I have wrestled, more generally, with the demand to strip away all emotion. Well-meaning friends and colleagues have criticized me for becoming increasingly more angry as I present at conferences, that my own rage about oppression and the detriment it has on the health of oppressed individuals is inappropriate for an academic setting. I learned to stop pounding my fist on the podium, but I have not quite mastered the stiff upper lip. Showing emotion is weak; a true scholar would never be so personally invested in the plight of marginalized communities.

To my surprise, the devaluation of femininity is not limited to the erasure of feminine expressions in academics who were assigned male at birth. I have witnessed the policing of femininity in cisgender women academics, even those who are femme presenting.

For example, two weeks in a row in my Preparing Future Faculty course, the cis woman professor chastised cis women students for their “feminine” and “girly” behavior. I agree that beginning a presentation or conversation by apologizing in advance for subpar quality or ideas only serves to undermine what one has to say. But I found it quite troubling that a woman professor so openly, publicly and forcefully berated these women students for their feminine presentation of self, especially in a mixed-gender class. Perhaps a private conversation, wherein the professor could talk more at length about her concerns about the sexist ways in which women scholars are received in the academy, would have been better and less offensive. But, then again, this is the same professor who interrupted my own presentation to ask, “Oh, we haven’t beaten the activist out of you yet?” Clearly, academic training is about beating graduate students into submission and conformity.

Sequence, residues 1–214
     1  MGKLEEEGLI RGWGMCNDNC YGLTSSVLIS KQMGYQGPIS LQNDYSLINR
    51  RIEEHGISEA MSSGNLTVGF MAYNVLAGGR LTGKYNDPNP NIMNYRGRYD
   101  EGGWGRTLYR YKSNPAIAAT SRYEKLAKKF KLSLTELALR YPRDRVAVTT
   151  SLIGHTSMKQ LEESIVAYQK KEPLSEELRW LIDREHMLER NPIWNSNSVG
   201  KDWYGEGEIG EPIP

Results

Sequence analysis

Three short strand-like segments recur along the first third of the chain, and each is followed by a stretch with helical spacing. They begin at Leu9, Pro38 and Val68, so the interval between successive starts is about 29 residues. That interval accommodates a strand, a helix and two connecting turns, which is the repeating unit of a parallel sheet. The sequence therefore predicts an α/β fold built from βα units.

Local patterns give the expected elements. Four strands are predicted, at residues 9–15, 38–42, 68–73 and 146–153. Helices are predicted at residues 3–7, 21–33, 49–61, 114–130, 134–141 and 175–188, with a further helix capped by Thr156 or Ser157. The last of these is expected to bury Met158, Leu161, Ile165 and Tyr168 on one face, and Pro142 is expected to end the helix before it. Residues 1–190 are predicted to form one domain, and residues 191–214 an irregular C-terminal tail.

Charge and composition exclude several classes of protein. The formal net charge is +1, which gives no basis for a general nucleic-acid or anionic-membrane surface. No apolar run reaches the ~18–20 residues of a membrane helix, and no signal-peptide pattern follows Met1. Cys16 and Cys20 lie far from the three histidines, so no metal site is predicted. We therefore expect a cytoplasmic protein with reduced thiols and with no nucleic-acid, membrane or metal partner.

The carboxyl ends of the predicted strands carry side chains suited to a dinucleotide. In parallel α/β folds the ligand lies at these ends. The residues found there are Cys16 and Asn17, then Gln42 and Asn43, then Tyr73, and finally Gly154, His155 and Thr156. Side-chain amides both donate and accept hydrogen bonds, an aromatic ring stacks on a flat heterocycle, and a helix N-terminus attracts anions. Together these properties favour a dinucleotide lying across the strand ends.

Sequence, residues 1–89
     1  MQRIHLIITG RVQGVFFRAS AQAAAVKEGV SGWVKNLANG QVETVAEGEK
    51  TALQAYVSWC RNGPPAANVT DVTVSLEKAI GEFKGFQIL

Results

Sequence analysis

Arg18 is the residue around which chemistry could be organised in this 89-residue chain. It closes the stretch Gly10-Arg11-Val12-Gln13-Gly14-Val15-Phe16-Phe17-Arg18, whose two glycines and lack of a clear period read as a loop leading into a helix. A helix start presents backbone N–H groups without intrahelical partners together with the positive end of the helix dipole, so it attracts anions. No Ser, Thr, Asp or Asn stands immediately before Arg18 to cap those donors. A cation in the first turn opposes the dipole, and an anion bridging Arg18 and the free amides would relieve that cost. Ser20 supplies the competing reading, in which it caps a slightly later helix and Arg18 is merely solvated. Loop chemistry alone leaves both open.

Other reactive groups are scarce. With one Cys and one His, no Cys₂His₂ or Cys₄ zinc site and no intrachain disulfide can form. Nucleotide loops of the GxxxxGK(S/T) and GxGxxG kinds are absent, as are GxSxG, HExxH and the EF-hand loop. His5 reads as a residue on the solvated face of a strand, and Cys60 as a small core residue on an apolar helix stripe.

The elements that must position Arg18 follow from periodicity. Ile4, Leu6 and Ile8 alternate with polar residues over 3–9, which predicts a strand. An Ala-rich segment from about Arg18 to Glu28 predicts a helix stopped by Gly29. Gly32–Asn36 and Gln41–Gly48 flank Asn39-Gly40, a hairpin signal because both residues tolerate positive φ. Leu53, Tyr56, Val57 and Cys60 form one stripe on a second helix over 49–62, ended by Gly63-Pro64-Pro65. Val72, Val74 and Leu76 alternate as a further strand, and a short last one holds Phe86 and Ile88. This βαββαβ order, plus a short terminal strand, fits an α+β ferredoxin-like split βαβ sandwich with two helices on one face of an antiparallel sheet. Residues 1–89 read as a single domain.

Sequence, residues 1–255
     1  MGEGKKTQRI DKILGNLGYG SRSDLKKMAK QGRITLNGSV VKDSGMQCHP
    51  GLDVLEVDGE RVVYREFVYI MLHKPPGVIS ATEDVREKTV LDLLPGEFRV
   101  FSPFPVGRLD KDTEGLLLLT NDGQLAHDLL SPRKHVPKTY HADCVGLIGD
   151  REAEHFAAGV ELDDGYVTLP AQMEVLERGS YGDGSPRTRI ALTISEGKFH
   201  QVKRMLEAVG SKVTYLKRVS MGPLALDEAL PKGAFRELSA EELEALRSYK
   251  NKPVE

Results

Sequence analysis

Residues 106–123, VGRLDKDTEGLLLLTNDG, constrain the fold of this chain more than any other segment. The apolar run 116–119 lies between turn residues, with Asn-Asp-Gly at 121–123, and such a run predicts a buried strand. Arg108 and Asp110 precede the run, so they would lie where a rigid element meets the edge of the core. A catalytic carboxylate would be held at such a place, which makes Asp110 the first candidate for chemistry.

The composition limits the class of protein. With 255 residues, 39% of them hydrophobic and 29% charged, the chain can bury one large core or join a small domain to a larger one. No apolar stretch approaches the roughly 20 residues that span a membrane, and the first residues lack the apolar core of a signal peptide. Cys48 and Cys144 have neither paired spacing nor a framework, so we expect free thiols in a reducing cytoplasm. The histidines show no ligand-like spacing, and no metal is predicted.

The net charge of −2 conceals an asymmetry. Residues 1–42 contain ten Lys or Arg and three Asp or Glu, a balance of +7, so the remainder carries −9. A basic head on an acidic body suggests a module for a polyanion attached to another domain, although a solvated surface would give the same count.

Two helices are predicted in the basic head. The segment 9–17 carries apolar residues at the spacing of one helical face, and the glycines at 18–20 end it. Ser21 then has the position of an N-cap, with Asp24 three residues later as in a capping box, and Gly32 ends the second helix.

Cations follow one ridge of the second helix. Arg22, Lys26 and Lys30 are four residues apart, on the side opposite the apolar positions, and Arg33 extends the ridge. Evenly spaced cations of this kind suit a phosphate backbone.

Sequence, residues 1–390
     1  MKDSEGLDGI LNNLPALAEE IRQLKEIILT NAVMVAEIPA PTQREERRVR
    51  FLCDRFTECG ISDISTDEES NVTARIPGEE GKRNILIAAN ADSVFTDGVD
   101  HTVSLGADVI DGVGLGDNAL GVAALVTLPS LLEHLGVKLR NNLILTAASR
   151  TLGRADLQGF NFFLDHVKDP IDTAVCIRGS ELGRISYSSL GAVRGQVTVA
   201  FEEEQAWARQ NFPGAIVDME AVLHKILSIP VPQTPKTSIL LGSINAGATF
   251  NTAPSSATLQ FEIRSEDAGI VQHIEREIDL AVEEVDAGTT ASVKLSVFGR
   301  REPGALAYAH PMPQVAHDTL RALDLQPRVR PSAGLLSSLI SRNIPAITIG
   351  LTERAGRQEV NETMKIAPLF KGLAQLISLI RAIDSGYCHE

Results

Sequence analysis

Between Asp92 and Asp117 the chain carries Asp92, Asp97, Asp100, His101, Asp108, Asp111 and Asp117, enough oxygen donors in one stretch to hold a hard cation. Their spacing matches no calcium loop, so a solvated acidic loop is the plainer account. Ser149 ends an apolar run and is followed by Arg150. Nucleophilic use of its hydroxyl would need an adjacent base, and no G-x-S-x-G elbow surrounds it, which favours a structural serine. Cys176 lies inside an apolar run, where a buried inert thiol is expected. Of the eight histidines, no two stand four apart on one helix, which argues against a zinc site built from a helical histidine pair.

I have heard women friends and colleagues note the related practice of rewarding masculinity in women in academe. Short hairstyles and masculine attire appeared to be much more common among my grad department’s most successful women faculty. The more assertive you could be, the better. The more you could do to reject your femaleness and femininity, the more successful you could be in the academy. Women who insisted on having children should calculate pregnancy just right so that they could “pop one out” during a break in the school year. I am often shocked by how openly academics and academic institutions attempt to regulate women scholars’ reproductive choices and sex lives. Some women academics are complicit, unapologetically giving advice to “keep your legs closed,” delay motherhood as long as possible or forgo it all together.

It has taken me three years post-Ph.D. to recognize the role my graduate education has played in stalling my gender journey. I entered the program beginning to embrace a genderqueer identity and reject the restrictive category of “man.” In a different life, I might be well on my way to rocking stylish, colorful outfits, being as fab as I want to be, or at least much more comfortable in my unique skin. But, in this life, I have to first recover from the damage of my graduate training to my sense of self.